‘Did you check?’, replied one of the porters.

I patted down the sides of my towel where on trousers, pockets would have been. ‘Quite sure, sorry.’

The porter sighed and looked around for the appropriate key. Each clang seemed to sound as one of the trumps in the Revelation of St John and I began to anticipate my final doom. I resisted the urge to shout ‘Miserere Mei Deus!’ But exclaimed or not, the heavens smiled down upon me and the porter held up the key. ‘I’ll walk you back to your room and let you in then, shall I?’ he said.

Calmness swept over me, my ordeal was at an end. Soon, I would be home. I could still go about my brass rubbing. Eagerly, I followed him out of the Lodge and back towards my stairway, mercifully oblivious to any tourists or fellow college members. Giddy with glee, I climbed the stairs when suddenly my slipper betrayed me – like Achilles heel of old – and my left foot went down. I let out a yell! The porter turned and reached for me but missed. As I skidded down the stairs my towel snagged and bared to all on earth and above I continued to plummet down the stairs. When I regained my equilibrium and found the broken pieces of me scattered amongst the remains of my towel on the floor of the second landing I unsteadily rose to my feet. The porter, in shock, ‘Are you alright?’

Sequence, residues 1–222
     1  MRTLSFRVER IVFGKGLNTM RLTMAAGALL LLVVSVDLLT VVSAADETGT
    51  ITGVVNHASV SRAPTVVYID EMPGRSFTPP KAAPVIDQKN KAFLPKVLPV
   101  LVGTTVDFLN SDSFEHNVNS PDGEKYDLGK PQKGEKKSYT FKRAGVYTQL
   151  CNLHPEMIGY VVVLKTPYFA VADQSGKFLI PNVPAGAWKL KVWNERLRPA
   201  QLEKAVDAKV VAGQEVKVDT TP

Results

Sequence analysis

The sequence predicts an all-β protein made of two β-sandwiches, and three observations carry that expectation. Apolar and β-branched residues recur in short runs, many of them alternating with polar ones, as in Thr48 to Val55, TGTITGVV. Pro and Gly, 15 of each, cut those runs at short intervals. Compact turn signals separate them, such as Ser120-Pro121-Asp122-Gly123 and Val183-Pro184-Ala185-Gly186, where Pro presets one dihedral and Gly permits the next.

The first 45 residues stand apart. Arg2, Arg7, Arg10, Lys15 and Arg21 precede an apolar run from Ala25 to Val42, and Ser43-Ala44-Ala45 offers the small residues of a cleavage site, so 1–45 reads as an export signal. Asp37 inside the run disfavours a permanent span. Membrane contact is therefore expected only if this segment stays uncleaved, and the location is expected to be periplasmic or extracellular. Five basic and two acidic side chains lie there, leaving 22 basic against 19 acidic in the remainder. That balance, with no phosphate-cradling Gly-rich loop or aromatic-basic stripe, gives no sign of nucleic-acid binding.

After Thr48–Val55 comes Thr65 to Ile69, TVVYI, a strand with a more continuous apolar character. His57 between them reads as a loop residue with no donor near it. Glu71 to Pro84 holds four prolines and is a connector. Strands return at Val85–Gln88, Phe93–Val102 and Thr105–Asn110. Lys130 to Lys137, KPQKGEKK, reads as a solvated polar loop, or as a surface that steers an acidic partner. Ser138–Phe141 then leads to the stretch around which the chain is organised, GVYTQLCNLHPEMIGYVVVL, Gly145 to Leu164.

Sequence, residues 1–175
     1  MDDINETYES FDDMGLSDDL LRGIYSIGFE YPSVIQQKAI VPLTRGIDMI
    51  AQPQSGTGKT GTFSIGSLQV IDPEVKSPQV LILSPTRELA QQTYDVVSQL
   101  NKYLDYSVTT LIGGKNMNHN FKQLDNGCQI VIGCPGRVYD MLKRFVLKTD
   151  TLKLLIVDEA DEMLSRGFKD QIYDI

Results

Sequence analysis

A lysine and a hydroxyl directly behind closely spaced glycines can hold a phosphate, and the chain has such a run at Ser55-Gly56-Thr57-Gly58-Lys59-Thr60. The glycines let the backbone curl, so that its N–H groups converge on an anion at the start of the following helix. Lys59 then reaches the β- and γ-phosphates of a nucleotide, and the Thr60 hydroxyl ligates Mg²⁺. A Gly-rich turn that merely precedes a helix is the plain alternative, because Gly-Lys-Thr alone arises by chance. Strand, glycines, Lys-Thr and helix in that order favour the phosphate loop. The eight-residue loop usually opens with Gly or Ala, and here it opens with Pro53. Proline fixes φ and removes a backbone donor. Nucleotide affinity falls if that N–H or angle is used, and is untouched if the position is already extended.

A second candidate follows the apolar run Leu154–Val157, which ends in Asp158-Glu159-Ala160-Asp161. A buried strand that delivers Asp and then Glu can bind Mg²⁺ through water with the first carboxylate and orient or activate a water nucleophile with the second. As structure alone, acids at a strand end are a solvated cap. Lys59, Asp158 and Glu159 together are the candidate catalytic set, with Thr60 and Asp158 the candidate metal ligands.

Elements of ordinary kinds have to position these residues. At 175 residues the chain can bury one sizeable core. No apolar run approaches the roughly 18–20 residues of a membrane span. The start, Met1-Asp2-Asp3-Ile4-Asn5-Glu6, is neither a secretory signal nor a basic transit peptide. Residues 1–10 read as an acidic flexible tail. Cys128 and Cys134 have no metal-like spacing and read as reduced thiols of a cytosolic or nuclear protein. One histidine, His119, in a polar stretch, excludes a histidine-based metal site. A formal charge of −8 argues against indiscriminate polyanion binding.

I nodded, to which he replied, ‘That’s right then, walk it off.’ He unlocked my door and then, quite too bruised for rubbing and ruing that great British invention of gravity, I inelegantly slunk into my room – past the barely concealed chuckles of the porter and resolved to remain inside with a bottle or three for the remainder of the day. It was then that I realised, my traitorous slipper remained somewhere on the step – like Cinderella’s. I sank to the floor, behind my door – took off the other slipper and flung it!

The Poor Print

Established in 2013, The Poor Print is the student-run newspaper of Oriel College, Oxford. Written by members of the JCR, MCR, SCR and staff, new issues are published fortnightly during term. Our current Executive Editors are Siddiq Islam and Jerric Chong.